Breckinridge was elected Attorney General of Kentucky in 1959 when Bert T. Combs led the Democratic ticket to victory. He served his first term in that office in 1960–1964. In that first term Breckinridge served on the National Conference of Commissioners on Uniform State Law and was a delegate to the Democratic National Convention in 1960. Under state law at that time Breckinridge could not run for a second consecutive term as attorney general. He ran that year for Lieutenant Governor of Kentucky but lost in the Democratic primary to Harry Lee Waterfield. After that defeat Breckinridge returned to his law practice and began planning for a return to public office.[3]

Breckinridge was elected to a second, non-consecutive term as Attorney General of Kentucky in 1967. Breckinridge won the office although the Republican ticket, led by Louie B. Nunn, won the governorship and the office of secretary of state. Breckinridge served his second term as Attorney General of Kentucky from 1968 to 1972. As his second term wound down, Breckinridge again ran for lieutenant governor in 1971 but lost again in the Democratic primary, this time to the Speaker of the Kentucky House of Representatives Julian Carroll.[3]

In 1972 Breckinridge was elected to the United States House of Representatives from Kentucky's Sixth Congressional District (Lexington and the central Bluegrass). He defeated Republican Laban P. Jackson for the seat. He was re-elected in 1974 and 1976 and served in the House from January 3, 1973, through January 3, 1979. Breckinridge ran for a fourth term in the House in 1978 but was defeated in the Democratic primary by Tom Easterly, who in turn lost the seat to Republican Larry Hopkins.[3]

After his defeat Breckinridge returned to the practice of law in Lexington, Kentucky, where he died less than a year later on July 29, 1979.[4] His ashes were interred at Lexington Cemetery.[3]


As a member of the Kentucky House of Representatives and the United States House of Representatives, Breckinridge was regarded as an independent moderate.[4]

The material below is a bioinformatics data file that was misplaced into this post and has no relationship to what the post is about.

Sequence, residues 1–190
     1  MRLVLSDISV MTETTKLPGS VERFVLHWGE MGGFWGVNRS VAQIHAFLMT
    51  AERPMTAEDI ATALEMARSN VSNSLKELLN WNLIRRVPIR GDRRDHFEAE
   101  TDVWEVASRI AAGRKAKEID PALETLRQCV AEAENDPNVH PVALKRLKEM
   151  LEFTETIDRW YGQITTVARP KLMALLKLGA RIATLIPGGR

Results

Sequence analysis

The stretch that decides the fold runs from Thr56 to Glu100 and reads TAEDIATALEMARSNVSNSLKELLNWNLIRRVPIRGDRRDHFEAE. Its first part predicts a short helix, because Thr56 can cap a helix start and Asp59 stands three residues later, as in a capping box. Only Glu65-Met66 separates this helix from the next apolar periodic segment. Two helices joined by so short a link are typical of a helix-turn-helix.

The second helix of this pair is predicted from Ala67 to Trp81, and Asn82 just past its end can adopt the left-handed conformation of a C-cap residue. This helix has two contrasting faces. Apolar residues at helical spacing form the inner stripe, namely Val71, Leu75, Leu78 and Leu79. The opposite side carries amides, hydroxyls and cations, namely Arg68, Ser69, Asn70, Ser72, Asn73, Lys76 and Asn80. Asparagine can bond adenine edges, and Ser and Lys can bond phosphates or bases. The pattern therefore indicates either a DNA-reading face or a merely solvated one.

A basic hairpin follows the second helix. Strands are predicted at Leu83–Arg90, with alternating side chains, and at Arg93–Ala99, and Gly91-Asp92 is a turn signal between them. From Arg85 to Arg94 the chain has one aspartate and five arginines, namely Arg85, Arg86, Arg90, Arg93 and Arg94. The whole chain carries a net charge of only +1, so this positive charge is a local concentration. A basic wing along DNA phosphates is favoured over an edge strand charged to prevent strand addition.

See also


  1. ^ "Scott Breckinridge Olympic Results". Archived from the original on 2020-04-18. Retrieved 2010-04-17. CS1 maint: discouraged parameter (link)
  2. ^ "DR. S. D. BRECKINRIDGE, GYNECOLOGIST, WAS 59; Kentucky Practitioner, Former National Fencing Champion" (PDF). The New York Times. 2 August 1941. Retrieved 18 June 2019. CS1 maint: discouraged parameter (link)
  3. ^ a b c d e f "BRECKINRIDGE, John Bayne - Biographical Information". Biographical Directory of the United States Congress. Retrieved 18 June 2019. CS1 maint: discouraged parameter (link)
  4. ^ a b c "John Bayne Breckinridge". The New York Times. 31 July 1979. Retrieved 18 June 2019. CS1 maint: discouraged parameter (link)
  5. ^ "Index Record for John Beckinridge (1913) WWII Army Enlistment Records", Fold3 by website. Retrieved August 26, 2020.

External links

U.S. House of Representatives
Preceded by
William P. Curlin, Jr.
U.S. Representative from Kentucky's 6th congressional district
January 3, 1973-January 3, 1979
Succeeded by
Larry Hopkins
Legal offices
Preceded by
Jo M. Ferguson
Attorney General of Kentucky
Succeeded by
Robert F. Matthews, Jr.
Preceded by
Robert F. Matthews, Jr.
Attorney General of Kentucky
Succeeded by
Ed W. Hancock
This page was last edited on 6 March 2021, at 01:20